But the idea raises some other, more technical, questions. Read more
This blog revealed back in March just before the Budget that George Osborne was considering capping child benefit at a certain number of children per family. At the moment, parents receive £20.30 a week for their first child and £13.40 for each additional child after that, but Treasury officials were looking at stopping those payments once a family had reached a certain number of children.
At the time, the measure was supposed to be an alternative to capping child benefit at a certain income level: the family-size measure would have been easier to implement and involve less of a cliff-edge for
people increasing their earnings. In the end, it was ruled out as too controversial, but judging by George Osborne’s speech at the Tory party conference today, the idea is back on the table. The chancellor said:
How can we justify a system where people in work have to consider the full financial costs of having another child, whilst those who are out of work don’t?
George Osborne targeted his fire firmly on Ed Miliband in the strongest proof yet that the Labour leader’s successful oration last week has rattled the Conservative party.
Miliband had spent “a third of his life working for Gordon Brown”; he did not mention the word “deficit” in his conference speech; he was Brown “reincarnated”, the chancellor of the exchequer told the Birmingham conference hall.
Until recently many in Conservative HQ had believed that “geeky” or “odd” Miliband would be their secret weapon in the 2015 election campaign and that the public would never warm to their rival.
The Miliband speech in Manchester, where he spoke confidently without notes for over an Read more
One of Ed Balls’ big announcements during his speech on Monday was his call for the government to use £4bn of the money from the auction of the 4G mobile phone spectrum to build 100,000 affordable homes.
Even before he spoke, the Guido Fawkes blog was speculating that the shadow chancellor may have been tipped off that the government was going to do exactly this, and wanted to get out ahead of them and look like he was setting the agenda. According to Guido:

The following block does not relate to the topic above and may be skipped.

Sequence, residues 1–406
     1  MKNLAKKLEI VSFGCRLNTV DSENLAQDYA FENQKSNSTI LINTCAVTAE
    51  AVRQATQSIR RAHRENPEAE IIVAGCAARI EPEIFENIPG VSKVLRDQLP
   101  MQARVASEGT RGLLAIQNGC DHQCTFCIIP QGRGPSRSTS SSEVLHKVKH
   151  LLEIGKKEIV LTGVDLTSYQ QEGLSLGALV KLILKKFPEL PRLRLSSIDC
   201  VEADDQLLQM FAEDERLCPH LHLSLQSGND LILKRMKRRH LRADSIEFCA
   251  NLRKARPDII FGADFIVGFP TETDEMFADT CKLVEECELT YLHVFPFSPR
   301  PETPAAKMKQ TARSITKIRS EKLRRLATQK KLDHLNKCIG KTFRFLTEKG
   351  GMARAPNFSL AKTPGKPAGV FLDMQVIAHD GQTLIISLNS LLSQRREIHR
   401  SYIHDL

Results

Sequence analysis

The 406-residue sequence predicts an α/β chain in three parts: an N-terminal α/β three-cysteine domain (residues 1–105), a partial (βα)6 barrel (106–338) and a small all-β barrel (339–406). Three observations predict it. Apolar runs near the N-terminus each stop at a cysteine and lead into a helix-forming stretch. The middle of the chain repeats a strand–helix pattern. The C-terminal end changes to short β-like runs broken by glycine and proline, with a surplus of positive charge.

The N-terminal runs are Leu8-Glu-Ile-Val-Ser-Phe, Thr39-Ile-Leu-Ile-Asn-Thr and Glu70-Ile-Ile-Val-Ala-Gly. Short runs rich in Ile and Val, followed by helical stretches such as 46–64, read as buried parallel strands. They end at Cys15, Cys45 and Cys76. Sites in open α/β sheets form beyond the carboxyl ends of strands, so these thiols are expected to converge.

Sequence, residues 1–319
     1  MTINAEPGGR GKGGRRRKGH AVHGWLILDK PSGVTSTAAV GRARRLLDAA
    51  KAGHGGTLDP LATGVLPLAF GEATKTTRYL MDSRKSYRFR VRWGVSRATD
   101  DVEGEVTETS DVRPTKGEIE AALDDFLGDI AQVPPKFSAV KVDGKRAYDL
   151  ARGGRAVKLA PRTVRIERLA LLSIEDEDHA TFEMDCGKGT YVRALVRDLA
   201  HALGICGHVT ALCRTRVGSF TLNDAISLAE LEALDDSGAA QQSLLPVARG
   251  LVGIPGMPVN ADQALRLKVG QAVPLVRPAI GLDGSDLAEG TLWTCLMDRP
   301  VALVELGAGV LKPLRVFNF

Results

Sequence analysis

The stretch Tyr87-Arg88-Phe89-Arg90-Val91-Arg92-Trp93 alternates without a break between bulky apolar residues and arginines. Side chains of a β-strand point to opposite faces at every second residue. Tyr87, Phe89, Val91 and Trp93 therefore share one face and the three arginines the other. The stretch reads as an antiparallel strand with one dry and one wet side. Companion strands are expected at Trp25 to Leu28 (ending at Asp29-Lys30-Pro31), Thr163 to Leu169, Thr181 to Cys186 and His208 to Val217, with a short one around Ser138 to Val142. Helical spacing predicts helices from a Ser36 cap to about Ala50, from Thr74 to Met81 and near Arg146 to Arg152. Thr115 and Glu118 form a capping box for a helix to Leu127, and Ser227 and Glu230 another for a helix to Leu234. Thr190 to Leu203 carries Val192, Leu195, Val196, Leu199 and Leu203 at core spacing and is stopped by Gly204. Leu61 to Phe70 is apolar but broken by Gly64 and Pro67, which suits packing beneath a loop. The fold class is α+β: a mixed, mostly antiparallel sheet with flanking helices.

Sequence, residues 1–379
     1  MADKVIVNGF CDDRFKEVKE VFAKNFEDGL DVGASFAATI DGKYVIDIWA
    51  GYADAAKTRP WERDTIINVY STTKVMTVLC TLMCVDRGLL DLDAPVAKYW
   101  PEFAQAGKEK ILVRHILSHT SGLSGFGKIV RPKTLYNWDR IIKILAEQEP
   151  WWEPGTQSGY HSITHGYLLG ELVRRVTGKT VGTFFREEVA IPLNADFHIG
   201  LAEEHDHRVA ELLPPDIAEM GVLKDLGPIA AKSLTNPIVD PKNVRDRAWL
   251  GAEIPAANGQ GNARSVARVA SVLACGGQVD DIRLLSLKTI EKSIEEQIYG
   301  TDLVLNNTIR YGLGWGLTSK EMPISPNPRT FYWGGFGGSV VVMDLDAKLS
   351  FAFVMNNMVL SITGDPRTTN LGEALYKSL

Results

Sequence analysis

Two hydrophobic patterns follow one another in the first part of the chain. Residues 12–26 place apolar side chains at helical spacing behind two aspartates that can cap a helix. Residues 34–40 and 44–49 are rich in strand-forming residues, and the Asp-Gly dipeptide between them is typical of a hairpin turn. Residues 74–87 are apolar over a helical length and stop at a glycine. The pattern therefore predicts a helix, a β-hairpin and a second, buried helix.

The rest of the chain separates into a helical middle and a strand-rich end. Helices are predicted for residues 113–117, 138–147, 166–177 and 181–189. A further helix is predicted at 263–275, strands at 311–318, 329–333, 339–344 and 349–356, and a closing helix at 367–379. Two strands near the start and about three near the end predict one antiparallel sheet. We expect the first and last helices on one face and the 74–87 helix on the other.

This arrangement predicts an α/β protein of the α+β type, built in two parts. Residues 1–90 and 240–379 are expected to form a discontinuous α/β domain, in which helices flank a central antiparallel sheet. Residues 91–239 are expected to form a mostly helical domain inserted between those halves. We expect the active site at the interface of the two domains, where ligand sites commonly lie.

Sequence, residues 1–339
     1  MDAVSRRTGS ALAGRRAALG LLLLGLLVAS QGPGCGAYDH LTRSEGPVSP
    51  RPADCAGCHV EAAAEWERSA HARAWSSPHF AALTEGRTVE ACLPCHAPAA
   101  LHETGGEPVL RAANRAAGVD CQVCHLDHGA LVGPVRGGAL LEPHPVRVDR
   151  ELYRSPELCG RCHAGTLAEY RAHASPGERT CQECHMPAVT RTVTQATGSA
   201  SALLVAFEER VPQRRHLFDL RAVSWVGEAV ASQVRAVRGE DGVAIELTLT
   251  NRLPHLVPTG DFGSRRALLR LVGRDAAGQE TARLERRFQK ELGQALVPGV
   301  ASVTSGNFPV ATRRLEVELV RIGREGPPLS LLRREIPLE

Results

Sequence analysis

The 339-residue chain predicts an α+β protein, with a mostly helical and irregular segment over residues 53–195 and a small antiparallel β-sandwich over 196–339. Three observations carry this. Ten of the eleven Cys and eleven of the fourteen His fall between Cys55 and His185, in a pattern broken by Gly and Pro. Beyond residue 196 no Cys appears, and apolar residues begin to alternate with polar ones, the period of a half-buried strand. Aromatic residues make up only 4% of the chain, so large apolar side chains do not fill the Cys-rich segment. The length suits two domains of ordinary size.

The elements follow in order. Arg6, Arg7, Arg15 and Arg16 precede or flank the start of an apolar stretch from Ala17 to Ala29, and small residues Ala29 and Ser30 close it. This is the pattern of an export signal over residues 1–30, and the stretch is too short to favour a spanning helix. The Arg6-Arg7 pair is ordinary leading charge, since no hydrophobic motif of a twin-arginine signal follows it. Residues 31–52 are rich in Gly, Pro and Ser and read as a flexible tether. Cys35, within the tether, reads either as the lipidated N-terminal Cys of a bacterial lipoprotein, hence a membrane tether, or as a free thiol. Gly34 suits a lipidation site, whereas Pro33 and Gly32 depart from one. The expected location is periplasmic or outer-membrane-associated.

It’s well known that Balls still has ‘people’ inside the Treasury and there is plenty of speculation doing the rounds that he had got wind of the 4G auction goodies fund and has pulled a fast one on the chancellor.
Ed Miliband cannot have enjoyed the revelation last Friday that two out of three Labour voters want to ditch him and install his brother as party leader instead. But a new poll released today is potentially far more damaging.
According to a Times/ Populus survey, a third of Labour’s own voters prefer David Cameron to Ed Miliband as prime minister. It also showed that over the last four months, there has been a 5 percentage point increase in the number of people who are dissatisfied with Cameron but would still prefer him to be in Downing St than the Labour leader.
Speaking at Labour’s conference fringe, Rick Nye, director of Populus, made clear that Mr Miliband has a difficult task – because even if his party is increasing its lead against the Tories, the statistics do not look so good when the leaders are pitched head to head. As a result, the likeliest outcome of next election is a hung parliament, with Labour the largest party but no overall majority, Nye said. Read more
Ed Balls’ speech to Labour conference was sweeping in its scope, taking in equalities, police, the NHS and education, and ending with a passage parading through Labour’s greatest hits. His passage on the post-war Labour government was stirring stuff:
Conference, our predecessors were elected that year to rebuild a country ravaged by conflict.
They faced even greater challenges than we face today: an economy enfeebled by war; a national debt double the size of ours today. And they made tough and unpopular decisions: to continue with rationing; to cut defence spending; and to introduce prescription charges.
But that Labour Cabinet also remained focussed on the long-term task ahead. And they learned from history and rejected the failed austerity of the 1930s.
And that meant they could put in place long-term reforms, enduring achievements, vital to our country’s future: the Beveridge report; new homes for heroes; the school leaving age raised; and, for the first time ever, a National Health Service free to all, based on need not ability to pay – over 60 years later, celebrated in our Olympics opening ceremony for all the world to see, still today the greatest health service in the world.